Historically, high journalism has largely been subsidized by low journalism. Nowadays, though, the two are increasingly decoupled, largely because we can get the latter online in unlimited quantities. BuzzFeed is the poster child of this movement, partly because of its undeniable success, partly because it is to low journalism what high-fructose corn syrup is to chocolate, as satirized by, er, The Onion. BuzzFeed is little more than a superbly engineered machine for turning animals, animated GIFs, and repackaged Reddit threads into pageviews. It’s almost pure sugar water.

To be clear, I’ve been amused by many a BuzzFeed post myself; and to their credit, they’re trying to do more. They’re not just expanding further into video, they’re looking to broaden their remit into high journalism as well. Under Ben Smith, they’ve expanded into political reporting, and they’ve just hired The Guardian‘s Moscow correspondent as their first foreign and national security editor:

The idea for the expansion, says BuzzFeed founder Jonah Peretti, took shape after the April 15 Boston Marathon bombings… “It was a real eye-opening moment,” Peretti says. “They don’t have a legacy news brand, and they were turning to BuzzFeed, a site they visit every day, to figure out what was happening. … Our top five stories were all hard news content.”

Well, maybe. But I built Scanvine to tabulate the available data myself, and according to it, here are BuzzFeed’s 40 most-shared stories for the week following the Boston bombing. You do find “29 Reasons To Love Boston,” “Comfort Dogs Come To Boston”, “Boston Marathon Met With Unbelievable Acts Of Kindness,” “Dunkin’ Donuts In Boston Stayed Open During Lockdown,” and “16 Eerie Images Of Boston On Lockdown,” but only three stories there could remotely be considered hard news — and they’re way, way down the list from “27 Signs You Were Raised By Asian Immigrant Parents,” “20 Reasons Why Going To The Gym Is A Huge Waste Of Time,” and “27 Dogs That Will Do Anything For Kids.”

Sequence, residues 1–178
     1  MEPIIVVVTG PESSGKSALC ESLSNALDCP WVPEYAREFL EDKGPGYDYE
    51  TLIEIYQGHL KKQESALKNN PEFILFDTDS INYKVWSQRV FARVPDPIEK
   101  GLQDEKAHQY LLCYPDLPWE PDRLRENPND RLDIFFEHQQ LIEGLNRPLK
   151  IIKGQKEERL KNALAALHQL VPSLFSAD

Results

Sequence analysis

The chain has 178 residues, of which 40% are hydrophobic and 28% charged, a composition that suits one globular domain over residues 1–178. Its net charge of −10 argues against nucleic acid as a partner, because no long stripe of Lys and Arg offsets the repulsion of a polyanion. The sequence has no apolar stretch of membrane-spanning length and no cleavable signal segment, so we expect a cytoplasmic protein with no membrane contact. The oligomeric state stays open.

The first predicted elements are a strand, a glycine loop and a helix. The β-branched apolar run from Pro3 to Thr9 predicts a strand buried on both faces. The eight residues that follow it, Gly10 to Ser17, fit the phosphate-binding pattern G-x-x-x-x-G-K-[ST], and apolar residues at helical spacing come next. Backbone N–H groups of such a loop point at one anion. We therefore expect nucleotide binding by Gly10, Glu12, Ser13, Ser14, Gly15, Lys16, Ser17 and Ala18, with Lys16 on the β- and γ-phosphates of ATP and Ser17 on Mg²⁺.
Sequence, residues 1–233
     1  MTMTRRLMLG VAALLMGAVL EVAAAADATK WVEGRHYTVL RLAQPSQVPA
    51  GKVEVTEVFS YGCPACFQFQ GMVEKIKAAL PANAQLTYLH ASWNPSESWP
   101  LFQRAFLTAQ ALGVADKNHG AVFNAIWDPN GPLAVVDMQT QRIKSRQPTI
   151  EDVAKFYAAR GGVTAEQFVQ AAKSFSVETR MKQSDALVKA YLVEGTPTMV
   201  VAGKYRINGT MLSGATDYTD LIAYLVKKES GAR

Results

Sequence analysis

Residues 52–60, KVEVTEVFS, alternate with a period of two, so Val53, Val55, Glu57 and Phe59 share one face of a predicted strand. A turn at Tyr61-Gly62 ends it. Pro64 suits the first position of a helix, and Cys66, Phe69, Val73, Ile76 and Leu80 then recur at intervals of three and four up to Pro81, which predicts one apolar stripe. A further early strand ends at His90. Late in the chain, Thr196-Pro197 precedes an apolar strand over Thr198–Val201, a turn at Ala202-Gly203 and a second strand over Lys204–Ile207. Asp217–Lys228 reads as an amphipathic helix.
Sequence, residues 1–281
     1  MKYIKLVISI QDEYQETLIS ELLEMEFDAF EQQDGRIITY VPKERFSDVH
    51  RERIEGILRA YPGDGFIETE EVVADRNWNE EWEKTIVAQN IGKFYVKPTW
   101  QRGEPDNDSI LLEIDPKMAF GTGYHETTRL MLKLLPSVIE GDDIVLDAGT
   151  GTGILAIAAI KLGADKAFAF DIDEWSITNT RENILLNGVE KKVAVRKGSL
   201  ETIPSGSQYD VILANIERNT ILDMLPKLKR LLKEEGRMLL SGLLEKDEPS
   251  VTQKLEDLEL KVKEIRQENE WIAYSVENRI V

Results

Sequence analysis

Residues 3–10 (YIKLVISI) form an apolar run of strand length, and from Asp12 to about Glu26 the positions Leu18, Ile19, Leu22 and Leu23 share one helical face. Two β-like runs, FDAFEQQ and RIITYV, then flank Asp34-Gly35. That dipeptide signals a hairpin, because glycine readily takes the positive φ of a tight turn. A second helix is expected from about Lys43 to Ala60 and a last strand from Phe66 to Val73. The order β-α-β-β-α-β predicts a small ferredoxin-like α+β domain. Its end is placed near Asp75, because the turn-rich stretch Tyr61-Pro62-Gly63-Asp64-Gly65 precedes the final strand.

I challenge you to find political or hard news high on the BuzzFeed Top 40 list for any other week this year, either. If their audience really is into hard news and politics, then they sure seem to be going out of their way to keep it hidden from one another.

Who knows? BuzzFeed may yet become, well, the BuzzFeed of hard news. And I genuinely admire their attempt to do so. But if they do succeed, it will be one of the great media pivots of our time. I doubt it will happen. I think that instead the world of news will continue to bifurcate into the high/hard and the low/soft, and that BuzzFeed will remain the lowest and softest of the latter category.

All of which means that for pretty much the first time in the history of newspapers (unless you count The Economist, which continues to defy all trends) we’ll all have to find out whether or not hard news and investigative journalism can survive and thrive all on their own. Let’s hope so. Because as this week shows, we still need those grizzled old-media watchdogs to keep their eyes and teeth sharp. Maybe now more than ever.